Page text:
Stagecoach pays top dollar for rail franchise

Brian Souter, chief executive of Stagecoach Group, is famous for speaking his mind. Once questioned about poor standards of customer satisfaction on South West Trains, he replied that he would know there was a problem when he received a brick through the window.

His analysis of events in withdrawing from the bidding for the Great Western rail franchise last year was scarcely less elegant. There were, apparently, "too many hungry pigs in the trough. Let them eat first".

The franchise was eventually won by First Group, which is paying £1bn to the Government over 10 years for the privilege.

So what about Sir Brian's own franchise at South West Trains? Here it seems that, come what may, he's determined to be chief pig and eat first. In any case, he's now agreed to pay £1.2bn over the next ten years on a franchise for which he has received a government subsidy of £500m over the last ten.Has Sir Brian overpaid? The example of GNER, which agreed to pay a stonking £1.3bn for the east coast mainline and is now desperately trying to wriggle out of it, suggests that he might well have done. Admittedly, Sir Brian continues to receive a subsidy for the first two years of the new franchise period, with the premium becoming payable only thereafter. Yet even on Stagecoach's own calculations, the operating margin plummets from the more than 10 per cent being earned on the franchise at present to just 3 per cent.

That leaves very little room for error. The company needs both substantial reductions in costs and big increases in traffic to achieve even this lowly rate of return. It is not clear Sir Brian can achieve them given that he is also on the hook to deliver a better service. Mr Souter described yesterday's win as "good news for customers and good news for the taxpayer". Whether it proves quite so good for his own shareholders is altogether more doubtful.

Northern grit in Sir Ken's recovery story

Prize for the most uplifting story of the week goes not to Sir Richard Branson for his pledge of $3bn to beat global warming - come off it, Sir Richard, everyone is piling into that game - but to Sir Ken Morrison for the remarkable recovery he's presiding over in the affairs of the eponymous supermarkets group. In so doing, he seems to have confounded the sceptics, among whom I was a prime example.

His profits and margins are on the mend, but more particularly so is his share price, which has quietly crept back to within a whisker of where it was when the company embarked on its ill-fated acquisition of Safeway two years ago. I say I was a sceptic, but I never doubted the rationale and logic of the merger. It was the way in which Sir Ken and his team set about the integration that worried me. Key mistakes were made which unnecessarily damaged the company's profits and reputation for being able to walk on water. Overnight, Ken the miracle worker became Ken the provincial bumpkin.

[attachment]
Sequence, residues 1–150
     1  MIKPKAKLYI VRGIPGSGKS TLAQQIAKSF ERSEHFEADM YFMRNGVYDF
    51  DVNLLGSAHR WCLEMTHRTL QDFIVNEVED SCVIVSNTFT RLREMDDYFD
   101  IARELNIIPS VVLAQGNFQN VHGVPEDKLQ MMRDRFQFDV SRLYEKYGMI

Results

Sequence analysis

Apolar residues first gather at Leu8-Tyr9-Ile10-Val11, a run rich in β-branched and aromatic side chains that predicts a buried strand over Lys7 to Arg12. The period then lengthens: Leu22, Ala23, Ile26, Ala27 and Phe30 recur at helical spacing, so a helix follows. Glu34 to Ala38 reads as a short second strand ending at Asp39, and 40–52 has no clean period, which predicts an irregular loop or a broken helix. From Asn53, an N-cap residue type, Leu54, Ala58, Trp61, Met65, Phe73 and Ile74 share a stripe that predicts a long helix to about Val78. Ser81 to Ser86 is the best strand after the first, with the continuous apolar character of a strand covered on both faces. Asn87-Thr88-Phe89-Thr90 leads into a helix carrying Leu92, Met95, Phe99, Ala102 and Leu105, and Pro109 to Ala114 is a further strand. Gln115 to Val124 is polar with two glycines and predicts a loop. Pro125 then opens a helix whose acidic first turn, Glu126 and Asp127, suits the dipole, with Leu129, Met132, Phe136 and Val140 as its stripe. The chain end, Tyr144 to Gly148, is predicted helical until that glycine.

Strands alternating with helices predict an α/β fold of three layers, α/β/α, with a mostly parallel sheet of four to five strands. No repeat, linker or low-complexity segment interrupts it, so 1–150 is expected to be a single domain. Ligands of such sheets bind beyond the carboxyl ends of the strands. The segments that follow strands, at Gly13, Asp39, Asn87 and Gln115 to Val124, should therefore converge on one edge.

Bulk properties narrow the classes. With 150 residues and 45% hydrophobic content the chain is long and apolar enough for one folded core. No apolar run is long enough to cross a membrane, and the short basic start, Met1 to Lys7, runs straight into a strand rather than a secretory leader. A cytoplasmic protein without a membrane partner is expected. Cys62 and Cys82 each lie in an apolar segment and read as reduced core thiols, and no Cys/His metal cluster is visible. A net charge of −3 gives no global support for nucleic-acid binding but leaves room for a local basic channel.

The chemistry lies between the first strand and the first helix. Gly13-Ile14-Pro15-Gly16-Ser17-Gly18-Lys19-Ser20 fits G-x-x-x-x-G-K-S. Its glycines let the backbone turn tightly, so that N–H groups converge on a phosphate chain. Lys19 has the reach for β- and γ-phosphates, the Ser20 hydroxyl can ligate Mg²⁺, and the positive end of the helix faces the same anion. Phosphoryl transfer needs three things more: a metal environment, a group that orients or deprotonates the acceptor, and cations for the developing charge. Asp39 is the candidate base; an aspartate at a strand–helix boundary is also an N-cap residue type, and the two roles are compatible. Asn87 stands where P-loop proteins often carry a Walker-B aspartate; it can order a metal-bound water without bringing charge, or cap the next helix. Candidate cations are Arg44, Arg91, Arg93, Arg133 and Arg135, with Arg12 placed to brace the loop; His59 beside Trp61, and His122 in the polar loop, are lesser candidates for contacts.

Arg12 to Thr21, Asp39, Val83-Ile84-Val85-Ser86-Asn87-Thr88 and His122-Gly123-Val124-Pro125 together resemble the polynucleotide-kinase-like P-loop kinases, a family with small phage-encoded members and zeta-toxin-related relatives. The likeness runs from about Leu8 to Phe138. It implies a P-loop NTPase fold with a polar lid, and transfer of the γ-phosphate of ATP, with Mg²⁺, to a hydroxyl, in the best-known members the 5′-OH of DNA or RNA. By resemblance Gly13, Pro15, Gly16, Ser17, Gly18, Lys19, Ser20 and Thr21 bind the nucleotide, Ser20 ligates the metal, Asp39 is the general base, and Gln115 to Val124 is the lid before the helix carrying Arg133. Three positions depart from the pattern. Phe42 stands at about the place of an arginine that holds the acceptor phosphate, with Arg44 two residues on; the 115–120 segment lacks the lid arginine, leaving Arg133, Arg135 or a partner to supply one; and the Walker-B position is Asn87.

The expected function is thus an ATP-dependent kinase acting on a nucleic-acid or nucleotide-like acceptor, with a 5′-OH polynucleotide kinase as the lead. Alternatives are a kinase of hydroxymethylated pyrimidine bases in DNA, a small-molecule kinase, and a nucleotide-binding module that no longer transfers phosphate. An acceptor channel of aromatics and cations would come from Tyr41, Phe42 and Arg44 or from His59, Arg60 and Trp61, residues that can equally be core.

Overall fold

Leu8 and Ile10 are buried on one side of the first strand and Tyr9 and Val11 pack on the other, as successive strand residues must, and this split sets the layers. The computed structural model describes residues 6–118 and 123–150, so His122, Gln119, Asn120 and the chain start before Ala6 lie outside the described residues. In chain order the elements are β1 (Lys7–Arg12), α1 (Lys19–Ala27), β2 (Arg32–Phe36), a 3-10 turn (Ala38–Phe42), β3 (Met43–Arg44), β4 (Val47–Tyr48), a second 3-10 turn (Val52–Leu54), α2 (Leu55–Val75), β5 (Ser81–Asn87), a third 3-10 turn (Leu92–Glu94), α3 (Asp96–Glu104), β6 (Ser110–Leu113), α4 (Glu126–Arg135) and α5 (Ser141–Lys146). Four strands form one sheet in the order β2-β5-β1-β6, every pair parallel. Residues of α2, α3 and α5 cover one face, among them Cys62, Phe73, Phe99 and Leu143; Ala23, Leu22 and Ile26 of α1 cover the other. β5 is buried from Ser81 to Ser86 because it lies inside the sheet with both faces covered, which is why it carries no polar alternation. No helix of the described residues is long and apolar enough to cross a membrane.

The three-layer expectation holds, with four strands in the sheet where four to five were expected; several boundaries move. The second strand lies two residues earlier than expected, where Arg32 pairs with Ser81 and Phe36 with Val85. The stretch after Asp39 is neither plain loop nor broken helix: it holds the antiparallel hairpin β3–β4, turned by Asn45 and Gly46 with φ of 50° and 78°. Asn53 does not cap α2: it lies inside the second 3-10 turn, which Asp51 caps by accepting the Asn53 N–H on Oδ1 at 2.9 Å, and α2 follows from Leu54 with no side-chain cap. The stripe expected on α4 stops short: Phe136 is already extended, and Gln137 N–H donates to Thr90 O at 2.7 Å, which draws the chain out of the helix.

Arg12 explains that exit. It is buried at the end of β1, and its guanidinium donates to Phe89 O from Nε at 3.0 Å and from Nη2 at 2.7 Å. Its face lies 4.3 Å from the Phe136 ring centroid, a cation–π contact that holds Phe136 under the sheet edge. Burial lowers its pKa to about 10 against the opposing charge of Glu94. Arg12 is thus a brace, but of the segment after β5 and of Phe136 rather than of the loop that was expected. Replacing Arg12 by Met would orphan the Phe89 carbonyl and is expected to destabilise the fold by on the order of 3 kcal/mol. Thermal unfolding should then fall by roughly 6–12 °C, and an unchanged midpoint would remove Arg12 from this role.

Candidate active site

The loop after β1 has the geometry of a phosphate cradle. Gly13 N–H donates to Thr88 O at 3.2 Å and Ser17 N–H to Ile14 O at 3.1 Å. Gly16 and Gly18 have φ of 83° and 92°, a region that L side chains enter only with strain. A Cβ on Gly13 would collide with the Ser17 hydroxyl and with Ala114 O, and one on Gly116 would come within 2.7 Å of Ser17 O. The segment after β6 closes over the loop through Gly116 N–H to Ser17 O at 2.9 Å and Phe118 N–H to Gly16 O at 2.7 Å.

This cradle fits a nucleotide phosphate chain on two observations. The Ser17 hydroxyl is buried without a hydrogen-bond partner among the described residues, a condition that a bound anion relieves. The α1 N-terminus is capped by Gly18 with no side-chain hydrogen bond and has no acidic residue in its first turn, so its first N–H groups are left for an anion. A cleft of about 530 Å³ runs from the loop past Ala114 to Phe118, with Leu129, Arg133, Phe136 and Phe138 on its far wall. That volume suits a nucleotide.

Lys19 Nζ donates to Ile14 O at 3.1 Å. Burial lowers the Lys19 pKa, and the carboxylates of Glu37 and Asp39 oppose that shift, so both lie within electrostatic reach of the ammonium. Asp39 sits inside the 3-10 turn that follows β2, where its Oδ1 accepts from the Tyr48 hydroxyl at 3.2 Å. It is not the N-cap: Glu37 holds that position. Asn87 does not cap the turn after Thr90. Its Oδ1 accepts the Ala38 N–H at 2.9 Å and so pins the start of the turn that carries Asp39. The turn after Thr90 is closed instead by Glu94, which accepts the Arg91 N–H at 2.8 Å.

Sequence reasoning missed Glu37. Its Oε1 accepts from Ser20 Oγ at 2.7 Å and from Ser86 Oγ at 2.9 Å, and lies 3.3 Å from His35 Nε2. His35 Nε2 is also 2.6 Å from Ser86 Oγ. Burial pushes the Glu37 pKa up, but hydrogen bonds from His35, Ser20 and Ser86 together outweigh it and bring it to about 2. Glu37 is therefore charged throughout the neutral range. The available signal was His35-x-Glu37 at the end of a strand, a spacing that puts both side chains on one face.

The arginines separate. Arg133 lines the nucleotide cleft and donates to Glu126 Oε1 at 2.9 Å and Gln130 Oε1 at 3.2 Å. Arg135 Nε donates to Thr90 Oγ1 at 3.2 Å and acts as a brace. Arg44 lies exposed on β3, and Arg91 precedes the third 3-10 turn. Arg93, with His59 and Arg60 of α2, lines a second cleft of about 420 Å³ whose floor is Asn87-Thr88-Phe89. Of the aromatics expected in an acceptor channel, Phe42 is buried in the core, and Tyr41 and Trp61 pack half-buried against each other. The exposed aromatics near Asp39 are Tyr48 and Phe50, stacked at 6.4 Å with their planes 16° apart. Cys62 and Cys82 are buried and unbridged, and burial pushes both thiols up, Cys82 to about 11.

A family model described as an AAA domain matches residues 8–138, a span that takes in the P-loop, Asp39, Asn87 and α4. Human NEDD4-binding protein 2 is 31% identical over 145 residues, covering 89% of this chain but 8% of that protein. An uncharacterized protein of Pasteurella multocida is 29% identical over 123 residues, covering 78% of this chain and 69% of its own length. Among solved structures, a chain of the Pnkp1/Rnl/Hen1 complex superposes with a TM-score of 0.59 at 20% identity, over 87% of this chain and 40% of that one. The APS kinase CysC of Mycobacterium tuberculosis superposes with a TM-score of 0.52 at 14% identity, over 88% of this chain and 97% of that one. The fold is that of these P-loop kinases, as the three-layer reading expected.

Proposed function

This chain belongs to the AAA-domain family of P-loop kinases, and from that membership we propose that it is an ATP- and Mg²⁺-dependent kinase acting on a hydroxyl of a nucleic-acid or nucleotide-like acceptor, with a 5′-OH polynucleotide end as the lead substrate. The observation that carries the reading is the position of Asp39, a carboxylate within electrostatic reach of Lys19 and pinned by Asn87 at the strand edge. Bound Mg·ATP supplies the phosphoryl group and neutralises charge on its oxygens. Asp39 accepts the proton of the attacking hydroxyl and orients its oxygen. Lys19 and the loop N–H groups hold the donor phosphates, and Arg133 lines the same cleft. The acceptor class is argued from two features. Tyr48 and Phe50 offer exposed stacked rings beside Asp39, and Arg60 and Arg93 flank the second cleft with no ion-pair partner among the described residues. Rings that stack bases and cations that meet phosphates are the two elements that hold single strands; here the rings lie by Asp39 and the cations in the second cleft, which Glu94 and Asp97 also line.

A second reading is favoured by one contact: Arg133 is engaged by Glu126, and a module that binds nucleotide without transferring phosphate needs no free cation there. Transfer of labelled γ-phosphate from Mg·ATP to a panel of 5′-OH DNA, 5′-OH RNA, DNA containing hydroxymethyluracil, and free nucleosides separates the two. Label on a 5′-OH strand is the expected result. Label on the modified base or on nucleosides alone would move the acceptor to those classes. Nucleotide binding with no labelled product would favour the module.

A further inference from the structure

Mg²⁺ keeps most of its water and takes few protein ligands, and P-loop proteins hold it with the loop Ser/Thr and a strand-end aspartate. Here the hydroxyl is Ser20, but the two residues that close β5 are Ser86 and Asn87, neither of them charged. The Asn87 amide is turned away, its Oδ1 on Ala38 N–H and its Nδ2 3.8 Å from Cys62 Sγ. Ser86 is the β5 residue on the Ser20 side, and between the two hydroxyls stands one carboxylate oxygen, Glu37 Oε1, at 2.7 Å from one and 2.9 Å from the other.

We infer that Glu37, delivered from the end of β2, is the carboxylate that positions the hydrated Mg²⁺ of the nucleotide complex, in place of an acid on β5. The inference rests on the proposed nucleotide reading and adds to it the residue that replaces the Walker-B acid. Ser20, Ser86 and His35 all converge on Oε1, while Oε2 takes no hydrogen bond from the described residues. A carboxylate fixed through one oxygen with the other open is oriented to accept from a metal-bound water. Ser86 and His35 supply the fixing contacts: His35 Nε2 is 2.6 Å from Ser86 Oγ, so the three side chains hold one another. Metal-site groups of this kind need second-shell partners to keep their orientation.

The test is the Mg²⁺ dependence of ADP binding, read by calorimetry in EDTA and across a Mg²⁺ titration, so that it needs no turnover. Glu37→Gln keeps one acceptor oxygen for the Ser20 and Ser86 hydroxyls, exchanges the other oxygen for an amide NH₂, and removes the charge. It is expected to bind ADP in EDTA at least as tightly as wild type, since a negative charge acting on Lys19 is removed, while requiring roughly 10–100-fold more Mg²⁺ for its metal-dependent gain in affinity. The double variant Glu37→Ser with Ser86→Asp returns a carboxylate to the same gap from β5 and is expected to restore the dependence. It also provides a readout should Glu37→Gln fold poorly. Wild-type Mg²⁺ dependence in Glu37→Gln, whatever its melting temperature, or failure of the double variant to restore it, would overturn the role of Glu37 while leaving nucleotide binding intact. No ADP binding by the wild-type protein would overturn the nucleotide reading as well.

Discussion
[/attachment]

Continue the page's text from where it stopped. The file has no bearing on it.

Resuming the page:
One of the prime characteristics of a Yorkshireman is stubbornness. Despite his advancing years, Sir Ken refused to accept defeat, and he's now beginning to reap the rewards. He vowed to stay long enough to set the company back on its feet. He may well have achieved his ambition.

Morrisons is by no means out of the woods yet. My scepticism isn't entirely vanquished. Nobody yet knows what the new chief executive, Marc Bolland, only three weeks into the job, is going to be like. Yet for the moment Sir Ken is back on top. True northern grit, it seems, still counts for something.

j.warner@independent.co.uk

Start your day with The Independent, sign up for daily news emails
Life and Style
Google celebrates the 126th anniversary of the Eiffel Tower opening its doors to the public for the first time
techGoogle celebrates Paris's iconic landmark, which opened to the public 126 years ago today
News
Cleopatra the tortoise suffers from a painful disease that causes her shell to disintegrate; her new prosthetic one has been custom-made for her using 3D printing technology
newsCleopatra had been suffering from 'pyramiding'
News
people
Arts and Entertainment
Coachella and Lollapalooza festivals have both listed the selfie stick devices as “prohibited items”
music
Sport
Nigel Owens was targeted on Twitter because of his sexuality during the Six Nations finale between England and France earlier this month